The streets of Dutch towns and cities are largely deserted on Monday as millions of people heed the government’s advice to work from home.
Buses and trams are almost empty and small business lobby group MKB says it expects the first bankruptcies as early as this week. Some 20,000 companies have applied for help to pay workers they are laying off and the website where applications can be made crashed for a time because of the demand.
The government on Sunday evening introduced drastic new measures aimed at stopping the spread of coronavirus, which has killed 20 people in the Netherlands so far.
All schools and daycare centres in the Netherlands are now shut until at least April 6 – although solutions are being found for workers classed as essential. Cafes, restaurants, sex clubs, cannabis cafes, saunas and sports clubs have also all been ordered to close their doors.
Airline Air France-KLM says it will ground virtually its entire fleet for at least the next two months and passenger numbers are expected to plunge by up to 90%. The government has already pledged to do ‘all it can’ to make sure KLM stays afloat.
Budget airline Easyjet, which has a major hub at Amsterdam’s Schiphol airport, is also halting flights.
The economic affairs ministry said on Monday it expected to have a solution for the problems facing hundreds of thousands of freelancers whose sources of income have dried up.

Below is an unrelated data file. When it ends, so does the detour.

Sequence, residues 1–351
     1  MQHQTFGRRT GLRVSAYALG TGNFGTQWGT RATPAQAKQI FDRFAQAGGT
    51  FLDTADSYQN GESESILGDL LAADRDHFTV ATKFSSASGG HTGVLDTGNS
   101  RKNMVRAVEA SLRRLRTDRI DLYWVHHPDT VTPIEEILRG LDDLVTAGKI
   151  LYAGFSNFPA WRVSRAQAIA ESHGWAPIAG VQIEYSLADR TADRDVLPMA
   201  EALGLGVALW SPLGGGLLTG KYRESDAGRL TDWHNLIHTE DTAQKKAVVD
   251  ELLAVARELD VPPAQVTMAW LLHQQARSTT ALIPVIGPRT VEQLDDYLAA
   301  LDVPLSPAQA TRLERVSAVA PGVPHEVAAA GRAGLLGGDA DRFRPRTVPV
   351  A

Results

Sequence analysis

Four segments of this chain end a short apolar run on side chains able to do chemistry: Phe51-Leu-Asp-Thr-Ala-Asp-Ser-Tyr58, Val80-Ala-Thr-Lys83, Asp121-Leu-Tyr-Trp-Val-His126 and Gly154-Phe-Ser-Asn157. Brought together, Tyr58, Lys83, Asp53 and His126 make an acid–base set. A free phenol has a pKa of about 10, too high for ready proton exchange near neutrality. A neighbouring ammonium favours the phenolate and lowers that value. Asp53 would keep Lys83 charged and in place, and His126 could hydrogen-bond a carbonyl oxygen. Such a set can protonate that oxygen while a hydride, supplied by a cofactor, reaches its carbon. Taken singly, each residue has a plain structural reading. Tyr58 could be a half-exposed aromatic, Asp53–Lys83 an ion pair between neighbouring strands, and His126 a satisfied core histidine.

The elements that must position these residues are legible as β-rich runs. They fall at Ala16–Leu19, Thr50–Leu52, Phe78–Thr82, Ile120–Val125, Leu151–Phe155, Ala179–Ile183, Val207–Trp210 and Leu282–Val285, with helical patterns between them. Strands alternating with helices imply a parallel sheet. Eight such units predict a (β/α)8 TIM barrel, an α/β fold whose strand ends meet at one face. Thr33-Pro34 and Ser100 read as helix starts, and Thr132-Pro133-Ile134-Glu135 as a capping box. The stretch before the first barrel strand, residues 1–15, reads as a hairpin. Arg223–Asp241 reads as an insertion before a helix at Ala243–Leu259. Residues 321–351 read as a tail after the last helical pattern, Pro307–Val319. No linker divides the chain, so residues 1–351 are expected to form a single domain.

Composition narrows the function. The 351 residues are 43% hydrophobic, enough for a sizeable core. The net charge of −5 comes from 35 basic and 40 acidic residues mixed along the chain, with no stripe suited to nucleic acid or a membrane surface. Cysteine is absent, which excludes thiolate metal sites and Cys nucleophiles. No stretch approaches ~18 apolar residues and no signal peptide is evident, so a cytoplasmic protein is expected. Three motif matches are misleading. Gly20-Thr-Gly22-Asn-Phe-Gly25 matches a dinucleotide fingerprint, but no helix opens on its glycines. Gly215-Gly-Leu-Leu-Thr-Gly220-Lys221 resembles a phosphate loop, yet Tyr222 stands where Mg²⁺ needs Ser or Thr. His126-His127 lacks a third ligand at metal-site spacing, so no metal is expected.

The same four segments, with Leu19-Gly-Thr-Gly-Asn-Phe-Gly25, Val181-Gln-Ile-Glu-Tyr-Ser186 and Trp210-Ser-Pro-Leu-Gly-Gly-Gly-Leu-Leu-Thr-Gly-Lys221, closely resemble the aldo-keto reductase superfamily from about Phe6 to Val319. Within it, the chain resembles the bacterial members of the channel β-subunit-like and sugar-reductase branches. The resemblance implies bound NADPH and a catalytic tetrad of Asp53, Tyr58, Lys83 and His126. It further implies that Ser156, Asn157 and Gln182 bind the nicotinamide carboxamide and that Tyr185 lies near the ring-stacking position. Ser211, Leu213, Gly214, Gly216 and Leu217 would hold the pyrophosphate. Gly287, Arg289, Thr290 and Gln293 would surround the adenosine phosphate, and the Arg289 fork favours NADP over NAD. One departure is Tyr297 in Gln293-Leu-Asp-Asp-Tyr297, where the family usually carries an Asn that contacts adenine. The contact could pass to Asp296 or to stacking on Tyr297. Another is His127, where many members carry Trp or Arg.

Some 60% of the cultural sector, for example, is made up of freelancers, who are now without work because museums and concert halls have been closed.
Economic affairs minister Erik Wiebes came under fire on Sunday for saying freelancers had opted for the risk of entrepreneurship, ignoring the number of people on zero hours or staffing agency contracts.
The Amsterdam stock exchange opened down 5.5% on Monday and continued to fall in early trading, dipping below 400 points. The AEX blue chip index has lost 20% of its value in a week.
European Commissioner for internal markets Thierry Breton told French radio he expects coronavirus will push the EU intro recession and will slash growth by 2% to 2.5%.
‘Of course we expect a recession in 2020,’ he said.
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